Man U Signs 9-year-old – No Joke

jungsokerMANCHESTER, England: Manchester United, by most measures the #1 sports team in the world, has announced the signing of Rhain Davis, a 9-year-old soccer prodigy from Australia (see photo). Rhain was brought to the attention of the world soccer powerhouse by his grandfather, who sent the British team a video of the young star.

Manchester United is consistently ranked the most popular club team in the world, and according to Forbes Magazine is the highest valued franchise in all of sports, at $1.453 billion, edging out the Washington Redskins, worth $1.423 billion.

Man U, as it is know to fans and foes alike, maintains an extensive youth development program, where Rhain will presumably hone his skills while waiting for a crack at the big club. A copy of the video has been viewed on YouTube over 800,000 times.

The English side is teaching its American counterparts a thing to two about robbing the cradle. Most pundits on this side of the pond thought MLS team DC United was stretching the envelope when they drafted #1 and signed 14-year old Freddy Adu to a multimillion dollar contract three years ago.

Then came news earlier this summer that USC had gotten a verbal commitment from 8th-grade basketball player Ryan Boatwright, who hadn’t even decided where to go to HIGH SCHOOL yet, to play for USC. USC, apearantly, has adopted an “SAT-optional” admissions policy.

The Rhein Davis case lowers the bar yet again. In a world of professional sports, where the difference between a multi-million dollar career and a career cleaning carpets consists of a torn tendon, a random traffic stop or an inability to hit an 87-mile-an-hour curveball, and where even seasoned professionals represent a risk of losing their ability to perform consistently at a world-class level at any time, how can supposedly sound businesspeople justify investing money and ruining the childhood of a 9-year-old kid?

What’s next? It’s hard to discern any actual talent in kids younger than 9, although we saw Meredith Vieira interview a 5-year-old tennis player live on the Today show the other morning. The logical next step is to start awarding contracts, or at least options, on the basic of genetic inheritance alone. In some sports, blood lines run strong.

In baseball, for example, you have the Alomars, Sandy, Roberto and Sandy Jr., Felipe and Moises Alou and Tony Armas, Sr. and Jr. There is Buddy Bell and his two sons, David and Mike, as well as his brother Gus Bell and his son Buddy. Yogi and Dale Berra. And of course Bobby Bonds and the man of the hour, his son Barry. And who could forget Ray Boone and his son Bob Boone and his grandsons Aaron Boone and Bret Boone. One gets the idea, and we are still in the “B”s.

Would it be so far fetched for baseball blue bloods to sell futures options on their progeny? It might be a way to defray the costs of child rearing. Of course, the mega super-stars, whose kids would have the greatest probability of achieving athletic success, would not be likely to need the extra income. On the other hand, super-talented athletes whose careers were cut short by injury would be a natural market, sort of like champion thoroughbreds who pull a muscle are put out to stud, preserving their genetic and financial equity.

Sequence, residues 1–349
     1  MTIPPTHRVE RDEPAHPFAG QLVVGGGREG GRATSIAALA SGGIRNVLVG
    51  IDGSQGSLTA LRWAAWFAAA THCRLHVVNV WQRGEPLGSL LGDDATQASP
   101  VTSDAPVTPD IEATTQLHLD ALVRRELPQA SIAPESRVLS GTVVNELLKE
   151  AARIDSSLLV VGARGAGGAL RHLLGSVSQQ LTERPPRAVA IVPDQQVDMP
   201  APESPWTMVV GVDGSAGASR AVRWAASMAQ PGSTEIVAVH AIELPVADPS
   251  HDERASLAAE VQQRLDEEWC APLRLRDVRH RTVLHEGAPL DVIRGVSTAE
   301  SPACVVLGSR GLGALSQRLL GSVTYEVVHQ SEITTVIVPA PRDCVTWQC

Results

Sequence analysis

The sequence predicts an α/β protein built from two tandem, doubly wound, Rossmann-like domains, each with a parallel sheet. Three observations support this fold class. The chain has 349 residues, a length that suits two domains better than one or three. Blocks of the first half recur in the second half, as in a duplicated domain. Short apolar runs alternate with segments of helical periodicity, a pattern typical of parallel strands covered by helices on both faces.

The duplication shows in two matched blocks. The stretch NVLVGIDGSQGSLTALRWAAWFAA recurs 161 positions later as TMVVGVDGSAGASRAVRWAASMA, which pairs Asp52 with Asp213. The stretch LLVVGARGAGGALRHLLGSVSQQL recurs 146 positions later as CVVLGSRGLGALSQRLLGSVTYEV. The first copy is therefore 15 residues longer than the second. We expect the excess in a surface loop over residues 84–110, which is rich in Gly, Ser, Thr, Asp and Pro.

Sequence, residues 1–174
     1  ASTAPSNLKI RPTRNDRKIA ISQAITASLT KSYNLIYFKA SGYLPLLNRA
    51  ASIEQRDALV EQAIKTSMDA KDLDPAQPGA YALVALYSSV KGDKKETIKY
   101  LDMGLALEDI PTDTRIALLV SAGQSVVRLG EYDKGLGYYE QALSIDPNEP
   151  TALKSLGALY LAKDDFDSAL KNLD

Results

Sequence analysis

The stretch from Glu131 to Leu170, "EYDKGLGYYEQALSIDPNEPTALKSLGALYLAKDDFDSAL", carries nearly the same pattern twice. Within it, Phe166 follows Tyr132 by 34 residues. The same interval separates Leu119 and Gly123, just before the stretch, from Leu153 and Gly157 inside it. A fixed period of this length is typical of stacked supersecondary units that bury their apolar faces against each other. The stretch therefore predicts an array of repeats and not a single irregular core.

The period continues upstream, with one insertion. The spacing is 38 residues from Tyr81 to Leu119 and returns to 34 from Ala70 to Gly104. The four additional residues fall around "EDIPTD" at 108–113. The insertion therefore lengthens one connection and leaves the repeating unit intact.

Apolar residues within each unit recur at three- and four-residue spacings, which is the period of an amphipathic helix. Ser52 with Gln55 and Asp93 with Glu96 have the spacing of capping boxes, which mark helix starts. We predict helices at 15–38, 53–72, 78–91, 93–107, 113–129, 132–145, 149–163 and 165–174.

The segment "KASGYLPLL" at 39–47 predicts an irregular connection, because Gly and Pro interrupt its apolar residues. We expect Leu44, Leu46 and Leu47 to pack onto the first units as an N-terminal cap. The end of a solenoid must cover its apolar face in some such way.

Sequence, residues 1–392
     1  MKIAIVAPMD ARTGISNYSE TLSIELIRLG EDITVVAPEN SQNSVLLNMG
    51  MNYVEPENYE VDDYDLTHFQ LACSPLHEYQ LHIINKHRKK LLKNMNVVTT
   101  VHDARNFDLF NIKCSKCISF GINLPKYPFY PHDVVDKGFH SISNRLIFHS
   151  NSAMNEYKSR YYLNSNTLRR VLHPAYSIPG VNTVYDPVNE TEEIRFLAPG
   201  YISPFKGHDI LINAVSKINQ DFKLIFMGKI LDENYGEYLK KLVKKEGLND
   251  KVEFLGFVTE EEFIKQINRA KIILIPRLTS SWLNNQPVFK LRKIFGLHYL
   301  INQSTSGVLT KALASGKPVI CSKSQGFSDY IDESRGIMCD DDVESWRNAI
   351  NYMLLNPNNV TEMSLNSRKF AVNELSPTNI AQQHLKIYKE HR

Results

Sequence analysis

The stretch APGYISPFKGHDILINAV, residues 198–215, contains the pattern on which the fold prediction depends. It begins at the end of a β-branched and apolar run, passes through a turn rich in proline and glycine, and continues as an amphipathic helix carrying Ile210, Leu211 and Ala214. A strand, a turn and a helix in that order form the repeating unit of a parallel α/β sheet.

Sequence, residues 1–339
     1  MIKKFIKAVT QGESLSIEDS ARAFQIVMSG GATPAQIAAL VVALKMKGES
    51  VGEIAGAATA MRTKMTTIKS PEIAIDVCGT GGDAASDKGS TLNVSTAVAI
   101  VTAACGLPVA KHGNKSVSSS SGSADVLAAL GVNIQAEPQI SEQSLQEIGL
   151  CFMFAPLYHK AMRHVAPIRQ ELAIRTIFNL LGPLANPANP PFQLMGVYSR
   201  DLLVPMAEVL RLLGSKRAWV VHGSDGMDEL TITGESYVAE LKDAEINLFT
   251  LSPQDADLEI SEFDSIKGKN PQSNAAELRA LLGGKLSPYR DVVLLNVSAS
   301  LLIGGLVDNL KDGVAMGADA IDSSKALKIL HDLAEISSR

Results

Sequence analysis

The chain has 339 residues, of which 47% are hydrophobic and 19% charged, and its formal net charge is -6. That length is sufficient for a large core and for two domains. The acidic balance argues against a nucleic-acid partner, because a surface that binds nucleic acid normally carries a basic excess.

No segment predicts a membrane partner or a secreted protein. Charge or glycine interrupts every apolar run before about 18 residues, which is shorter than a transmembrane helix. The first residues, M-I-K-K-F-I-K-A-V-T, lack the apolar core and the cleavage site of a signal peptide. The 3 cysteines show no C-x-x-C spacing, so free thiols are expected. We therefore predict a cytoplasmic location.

From there, as biotech and goddless globalization advance, how far could it be to Designer DNA, Boutique Genetics, 2 genes from column B, 4 from column C, resulting in prospective parents being able to order up a 7-foot lefty with world-class coordination and competitive drive.

Of course, if cloning became a legal and acceptable alternative, there would be no need to hunt for the magical mix of talent and temperament that makes a champion. We could market exact genetic duplicates of any cooperating pro athlete still alive at the time the technique was developed, assuming that cells from any heathly adult could be used as DNA starter kits.

Envision a day when the starting five on the NBA Champions consists of three Michael Jordans and two Shaquille O’Neals, with Bill Russell and Bob Cousy on the bench.

It wouldn’t be quite as easy as ordering a lemon-yellow Lamborghini. Hoping for a professional athlete like a Shaquille would be an expensive and risky proposition. 18 years of care and feeding, and no guarantee you wouldn’t end up with a 7 foot 3 inch interior decorator, or a thrash metal rocker.

But the message is clear, even from here. When sports becomes absolutely subservient to business, anything that sells tickets, garners publicity and wins titles will eventually be tried.

As a logical extension of the parallel and intertwined encroachment of gambling into every facet of modern life, the public will be able to buy shares in the future careers of these budding superstars. Welcome to the brave new world of prenatal to postmortem sports betting, a cradle to grave fantasy league reality show. Why be content to bet on tonight’s game, when you can buy actions in some kid who hasn’t even been born yet?

About dowbrigade

Semi-retired academic from Harvard, Boston University, Fulbright Commission, Universidad Laica Eloy Alfaro de Manta, currently columnist for El Diario de Portoviejo and La Marea de Manta.
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  10. Free Picks says:

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